CPEC western route highways hit by funding, approval snags


ISLAMABAD: In a presentation to the Senate Standing Committee on Planning and Development, the National Highway Authority (NHA) conceded Monday that the CPEC Western route has been hit by snags. The major delaying factors were: delay in project approvals by China and the non-disbursement of already allocated funds in the Public Sector Development Programme (PSDP) owing to change of guard in Islamabad.

An NHA official informed the committee that around Rs25 billion allocated in the PSDP for road projects on the Western Route had not been released because of change in government.

The Chinese government too was not at its most brisk in terms of decision-making, and as a consequence the at this particular point the work has been “on standstill”.

Presided over by Senator Agha Shazeb Durrani, the Senate committee meeting was informed that funding issues had stopped work on the Hakla-Dera Ismail Khan Motorway. Lack of construction work approval by China had similarly impacted the progress on the Western Route from Dera Ismail Khan to Zhob.

But Senator Usman Kakar differed with the view on offer, saying, there had been no developmental work on the Western Route from the past two and a half years.

An allocation of only Rs6 billion in the PSDP for the Western Route was available during the current fiscal, he added.

Durrani said that the work on the western CPEC route projects must be expeditiously completed.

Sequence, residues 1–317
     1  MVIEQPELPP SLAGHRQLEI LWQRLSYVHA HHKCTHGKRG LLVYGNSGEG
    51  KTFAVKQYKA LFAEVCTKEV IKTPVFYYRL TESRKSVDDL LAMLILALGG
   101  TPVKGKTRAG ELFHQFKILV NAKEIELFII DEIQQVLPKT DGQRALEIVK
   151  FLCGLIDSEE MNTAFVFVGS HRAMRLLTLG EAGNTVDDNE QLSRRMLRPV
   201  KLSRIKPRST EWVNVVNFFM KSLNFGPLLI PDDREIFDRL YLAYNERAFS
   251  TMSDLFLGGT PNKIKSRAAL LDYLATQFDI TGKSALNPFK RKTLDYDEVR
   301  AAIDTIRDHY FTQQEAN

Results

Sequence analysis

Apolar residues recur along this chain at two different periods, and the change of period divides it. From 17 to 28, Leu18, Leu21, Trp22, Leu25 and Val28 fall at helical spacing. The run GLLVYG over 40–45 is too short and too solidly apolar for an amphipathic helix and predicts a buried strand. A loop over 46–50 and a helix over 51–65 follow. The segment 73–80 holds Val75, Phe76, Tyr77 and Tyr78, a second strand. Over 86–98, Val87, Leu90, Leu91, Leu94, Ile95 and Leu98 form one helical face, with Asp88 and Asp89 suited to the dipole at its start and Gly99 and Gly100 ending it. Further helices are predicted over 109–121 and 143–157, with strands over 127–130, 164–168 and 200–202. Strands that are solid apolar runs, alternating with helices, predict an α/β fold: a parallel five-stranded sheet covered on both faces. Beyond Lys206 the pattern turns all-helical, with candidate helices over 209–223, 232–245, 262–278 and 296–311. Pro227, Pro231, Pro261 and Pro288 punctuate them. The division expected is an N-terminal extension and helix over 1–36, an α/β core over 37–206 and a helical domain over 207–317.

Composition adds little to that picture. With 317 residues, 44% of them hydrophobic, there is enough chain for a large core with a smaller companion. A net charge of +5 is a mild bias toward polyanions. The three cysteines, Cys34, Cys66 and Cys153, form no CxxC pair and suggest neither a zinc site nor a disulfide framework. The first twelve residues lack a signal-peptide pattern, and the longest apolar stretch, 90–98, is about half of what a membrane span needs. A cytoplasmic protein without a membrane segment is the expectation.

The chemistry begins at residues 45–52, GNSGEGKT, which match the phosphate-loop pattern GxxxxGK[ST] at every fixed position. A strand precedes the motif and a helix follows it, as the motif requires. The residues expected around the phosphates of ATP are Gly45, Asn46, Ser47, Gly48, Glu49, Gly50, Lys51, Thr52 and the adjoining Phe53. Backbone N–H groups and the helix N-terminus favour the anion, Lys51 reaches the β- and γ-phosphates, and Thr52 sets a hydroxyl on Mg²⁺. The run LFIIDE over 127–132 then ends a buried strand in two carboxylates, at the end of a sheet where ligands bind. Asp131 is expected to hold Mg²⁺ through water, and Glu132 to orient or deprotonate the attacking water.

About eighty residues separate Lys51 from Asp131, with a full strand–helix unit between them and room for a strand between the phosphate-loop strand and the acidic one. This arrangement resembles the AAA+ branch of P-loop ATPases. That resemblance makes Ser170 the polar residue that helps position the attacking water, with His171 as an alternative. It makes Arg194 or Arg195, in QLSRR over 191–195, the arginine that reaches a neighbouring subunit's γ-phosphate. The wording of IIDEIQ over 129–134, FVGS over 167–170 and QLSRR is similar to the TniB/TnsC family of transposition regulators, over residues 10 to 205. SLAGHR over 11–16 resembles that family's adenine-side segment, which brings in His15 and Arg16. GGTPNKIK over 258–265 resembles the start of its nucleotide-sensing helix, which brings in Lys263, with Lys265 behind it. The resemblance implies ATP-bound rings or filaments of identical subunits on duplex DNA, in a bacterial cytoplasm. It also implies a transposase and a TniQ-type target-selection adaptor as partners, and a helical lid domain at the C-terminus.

Project Director CPEC, Planning Commission, Hassan Daud Butt briefed the Committee, a sum total of $36bn was invested by the Chinese companies in 22 development projects, with 15 of these in the energy sector. Pakistan, he said, had acquired $6bn loans for infrastructure projects, with the grace period for 90 percent projects currently in progress.

“A loan meant for the railways doubling of ML-1 amounting to $8.13 billion also had not been received as yet. On 15 energy projects of 11,110 MW the work was at various stages while four projects of 2,544 MW were being actively promoted”, said Butt.

The total portfolio of CPEC projects was $47.967bn, including $34.18bn of energy projects in IPP financing mode, $4.18bn concessional loan for transport and infrastructure projects, $8.212bn loan for rail network – ML-1 (government commercial loan under discussion), $780.6 million for Gwadar Port (combination of grant, government commercial loan and interest free loan) and $48m grant and government commercial loan for other projects including Gwadar City Master Plan.

A Planning Commission official told the committee that the per unit price of electricity would start coming down in the near future because of a competitive bidding process. “The average price of electricity was Rs8.5 per unit at imported coal and Rs8 per unit at local coal and Rs9.5 at LNG fuel while the cost of power production from solar energy had already decreased through the bidding process to Rs5 per unit from over Rs15 per unit a couple of years ago.”

As for the security of CPEC projects, Butt told the committee that a total of 9,929 military troops and 4,502 civilians had been deployed as around 10,000 Chinese and 65,000 Pakistanis were working on various CPEC projects while a total of eight investors – four each from Pakistan and China – had signed MoUs in Gwadar Free Zone.

For the security of CPEC projects, Senator Durrani, the indigenous people should be appointed.

The committee members, in particular, the Senators from Balochistan, voiced concern over the Gwadar city facing endemic water and electricity shortage and also the snail’s pace of progress on the CPEC’s Western Route.

Only 300,000 gallons of water was being supplied to Gwadar City per day while the demand was double that – six million gallons per day. The committee recommended that the new government should resolve issues of water, electricity, and security in Gwadar port city on priority.